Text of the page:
For many communications students, winning an Emmy is a faraway goal. However, a group of Ithaca College students moved one step closer to this dream after being nominated for the prestigious award thanks to their documentary work.
The Television Academy Foundation nominated junior Rebecca Van Der Meulen, seniors Casey McCracken, Samuel Dickson, Megan Trapani, Eric Barr ’18, Christian Schuepbach ’18 and Kyle Benedetti ’18 on Jan. 14 for a College Emmy at the 39th College Television Awards (CTA). Their documentary, “Out of the Pills,” which is about the opioid crisis, was produced by the students in their Fall 2017 Documentary Workshop class.
“Out of the Pills” will compete against two other projects nominated in the category of Nonfiction or Reality Series. Across all the categories, 25 productions were selected from over 600 submissions from over 174 colleges and universities.
The class, taught by Ben Crane, associate professor in the Department of Media Arts, Sciences and Studies, requires students to form their own media production company and produce a film by the end of the semester.
“I’ve designed it to offer students a real-world experience in documentary filmmaking,” Crane wrote via email. “We ultimately compete against everybody from student producers to professionals, and I try to keep the standards very high.”
McCracken, one of the producers of the documentary, said Crane split the class into two groups at the beginning of the semester and told them to come up with a name for their film company. Each group had to include the number of their group in the name. For McCracken’s team, group one, the result was 1on1 Films.
“We thought 1on1 Films kind of embodies our goal of sharing peoples’ stories in an intimate, personal way,” McCracken said.
When it came time to brainstorm documentary ideas, McCracken said that it was difficult to find a topic everyone was passionate about. Schuepbach brought in an article about the opioid crisis and its catastrophic effects in West Virginia. According to the article, the rate of deaths resulting from the opioid crisis in West Virginia caused the funeral industry to grow rapidly, forcing people to come out of retirement and tend to the increased bodies from overdoses. McCracken said the article influenced the group’s decision to document the opioid crisis.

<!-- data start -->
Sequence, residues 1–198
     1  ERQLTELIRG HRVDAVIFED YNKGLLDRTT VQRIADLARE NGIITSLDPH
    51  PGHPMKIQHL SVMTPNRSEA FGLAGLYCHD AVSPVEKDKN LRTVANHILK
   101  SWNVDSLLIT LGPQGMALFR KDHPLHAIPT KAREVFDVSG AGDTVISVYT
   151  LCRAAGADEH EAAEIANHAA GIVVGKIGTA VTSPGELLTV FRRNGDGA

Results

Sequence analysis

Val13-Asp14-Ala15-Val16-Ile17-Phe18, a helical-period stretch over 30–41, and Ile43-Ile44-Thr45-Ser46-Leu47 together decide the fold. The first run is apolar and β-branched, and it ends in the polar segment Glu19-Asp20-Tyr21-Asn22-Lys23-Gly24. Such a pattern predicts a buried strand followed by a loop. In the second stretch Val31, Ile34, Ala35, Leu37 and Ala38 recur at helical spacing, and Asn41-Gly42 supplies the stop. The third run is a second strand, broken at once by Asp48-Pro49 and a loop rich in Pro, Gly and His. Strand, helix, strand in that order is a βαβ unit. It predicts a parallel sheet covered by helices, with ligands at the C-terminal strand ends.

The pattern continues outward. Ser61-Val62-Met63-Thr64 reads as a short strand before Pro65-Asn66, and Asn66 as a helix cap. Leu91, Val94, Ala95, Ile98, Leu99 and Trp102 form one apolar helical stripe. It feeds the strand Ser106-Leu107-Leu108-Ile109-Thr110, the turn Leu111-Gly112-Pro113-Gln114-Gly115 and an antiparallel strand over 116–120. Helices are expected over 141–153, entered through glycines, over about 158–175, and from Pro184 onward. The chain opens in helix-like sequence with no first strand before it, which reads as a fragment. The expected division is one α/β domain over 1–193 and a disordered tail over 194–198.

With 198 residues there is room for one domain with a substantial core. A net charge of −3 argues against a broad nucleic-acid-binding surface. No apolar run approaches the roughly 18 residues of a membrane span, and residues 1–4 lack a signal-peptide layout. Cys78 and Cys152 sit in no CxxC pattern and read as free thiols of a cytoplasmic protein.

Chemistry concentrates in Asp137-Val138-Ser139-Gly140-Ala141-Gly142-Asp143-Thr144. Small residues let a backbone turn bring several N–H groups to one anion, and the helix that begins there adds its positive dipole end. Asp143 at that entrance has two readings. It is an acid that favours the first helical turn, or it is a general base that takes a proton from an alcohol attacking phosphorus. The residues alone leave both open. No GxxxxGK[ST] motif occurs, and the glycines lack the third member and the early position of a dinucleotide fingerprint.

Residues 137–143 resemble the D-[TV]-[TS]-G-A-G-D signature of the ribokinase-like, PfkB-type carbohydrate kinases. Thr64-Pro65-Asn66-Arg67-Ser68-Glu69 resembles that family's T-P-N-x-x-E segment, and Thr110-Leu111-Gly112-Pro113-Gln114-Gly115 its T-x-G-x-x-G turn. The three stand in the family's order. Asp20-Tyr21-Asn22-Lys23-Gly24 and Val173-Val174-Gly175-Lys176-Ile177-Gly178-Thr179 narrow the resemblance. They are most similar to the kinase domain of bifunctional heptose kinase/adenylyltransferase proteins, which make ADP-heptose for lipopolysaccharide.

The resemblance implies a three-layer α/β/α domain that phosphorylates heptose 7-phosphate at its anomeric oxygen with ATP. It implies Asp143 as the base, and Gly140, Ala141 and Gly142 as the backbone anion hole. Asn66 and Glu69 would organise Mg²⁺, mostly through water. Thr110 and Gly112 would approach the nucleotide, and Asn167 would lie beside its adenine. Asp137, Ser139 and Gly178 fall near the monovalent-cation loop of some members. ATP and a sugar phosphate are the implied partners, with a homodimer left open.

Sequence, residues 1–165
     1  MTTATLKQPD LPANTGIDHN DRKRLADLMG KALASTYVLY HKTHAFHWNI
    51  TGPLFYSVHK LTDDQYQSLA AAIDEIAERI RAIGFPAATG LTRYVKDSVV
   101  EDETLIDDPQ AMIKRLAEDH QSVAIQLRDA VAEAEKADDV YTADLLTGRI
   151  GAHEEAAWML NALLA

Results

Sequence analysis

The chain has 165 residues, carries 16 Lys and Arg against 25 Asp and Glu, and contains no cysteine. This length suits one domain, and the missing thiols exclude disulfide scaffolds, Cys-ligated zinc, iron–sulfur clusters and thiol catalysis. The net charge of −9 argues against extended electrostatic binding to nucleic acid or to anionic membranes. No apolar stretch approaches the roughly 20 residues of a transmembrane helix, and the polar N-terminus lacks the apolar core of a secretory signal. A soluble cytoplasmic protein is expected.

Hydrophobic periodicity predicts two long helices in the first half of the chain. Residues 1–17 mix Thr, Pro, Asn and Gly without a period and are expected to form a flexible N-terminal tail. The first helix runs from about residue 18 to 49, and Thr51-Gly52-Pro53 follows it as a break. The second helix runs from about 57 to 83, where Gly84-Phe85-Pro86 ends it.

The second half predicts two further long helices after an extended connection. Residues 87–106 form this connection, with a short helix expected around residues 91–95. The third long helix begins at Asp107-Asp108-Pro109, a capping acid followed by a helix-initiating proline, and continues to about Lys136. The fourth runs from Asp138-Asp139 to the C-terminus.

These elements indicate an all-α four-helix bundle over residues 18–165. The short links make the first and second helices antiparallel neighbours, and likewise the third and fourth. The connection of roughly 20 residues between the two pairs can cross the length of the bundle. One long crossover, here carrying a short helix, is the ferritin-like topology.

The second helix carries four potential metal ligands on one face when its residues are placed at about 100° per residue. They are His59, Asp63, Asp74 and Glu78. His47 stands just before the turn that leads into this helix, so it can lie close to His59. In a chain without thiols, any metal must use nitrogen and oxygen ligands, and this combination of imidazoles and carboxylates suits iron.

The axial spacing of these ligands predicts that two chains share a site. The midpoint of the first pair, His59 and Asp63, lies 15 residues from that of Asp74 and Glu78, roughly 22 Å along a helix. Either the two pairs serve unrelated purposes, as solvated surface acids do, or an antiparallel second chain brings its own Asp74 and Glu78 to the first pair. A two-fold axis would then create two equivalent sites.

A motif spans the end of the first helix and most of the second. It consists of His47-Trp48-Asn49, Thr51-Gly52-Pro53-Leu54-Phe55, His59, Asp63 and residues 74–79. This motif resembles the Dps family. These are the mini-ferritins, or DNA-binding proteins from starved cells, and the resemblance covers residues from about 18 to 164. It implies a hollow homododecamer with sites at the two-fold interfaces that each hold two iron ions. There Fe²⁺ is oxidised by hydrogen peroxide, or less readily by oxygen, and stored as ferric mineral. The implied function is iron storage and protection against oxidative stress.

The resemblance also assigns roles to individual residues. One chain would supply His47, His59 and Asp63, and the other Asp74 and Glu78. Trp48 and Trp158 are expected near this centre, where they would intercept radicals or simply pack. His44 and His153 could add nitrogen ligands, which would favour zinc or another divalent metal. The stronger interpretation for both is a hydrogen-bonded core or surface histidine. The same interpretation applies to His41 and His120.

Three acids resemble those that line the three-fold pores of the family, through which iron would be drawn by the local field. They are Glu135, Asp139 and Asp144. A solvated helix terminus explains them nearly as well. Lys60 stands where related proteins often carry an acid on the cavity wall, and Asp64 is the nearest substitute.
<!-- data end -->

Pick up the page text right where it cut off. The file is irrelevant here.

“That story kind of shocked us into realizing that this is an even bigger problem than what we see in the news,” McCracken said.
The group took an initial trip to West Virginia in October 2017 to attend a health conference on the epidemic. They also met Cliff Massey, a local who would later become the star of their film. Massey was a former drug user who is now clean. He is the harm reduction coordinator and director of the Quick Response Team of Fayette County.
“The hardest thing in a documentary is finding people who want to talk about these sensitive issues on camera,” McCracken said. “Cliff was a really passionate, charismatic, well-spoken guy who wanted to share his stories and after meeting him we were really sold on the topic.”
Although the documentary was finished by the end of the fall semester, Van Der Meulen said she and McCracken went back to West Virginia over spring break to gain additional footage and revise the film for its submission to the College Emmys and other film festivals.
McCracken said that although Crane encouraged the group to submit their film to the CTA, she never expected anything to come of it.
“It seems like getting nominated for the College Emmys could be a stepping stone toward a career I really want to have, but I really didn’t think we’d get the nomination,” she said.
The group will travel to Hollywood to attend the ceremony from March 14 to 16.
Although 1on1 Films was only formed for the purpose of the documentary class, Van Der Meulen said she hopes she will be able to collaborate with her team members in the future as well.
“I’m not sure we will be working under the name 1on1 Films, but I definitely want to work with everyone again,” Van Der Meulen said.
Crane said he is amazed by his students’ hard work and attributes their success to their collaborative efforts.
“All of our successes have been team efforts,” Crane said via email. “This kind of collaboration — students, faculty, staff, administration, alumni — is one of the things that makes IC great.”
McCracken agreed that none of this could be done without the help of the college.“The whole thing was such a supportive group effort,” McCracken said. “Not only the 1on1 Films team, but our professor … the [Roy H.] Park School [of Communications] … PPECS … and Dean [Diane] Gayeski have made us feel incredibly supported.”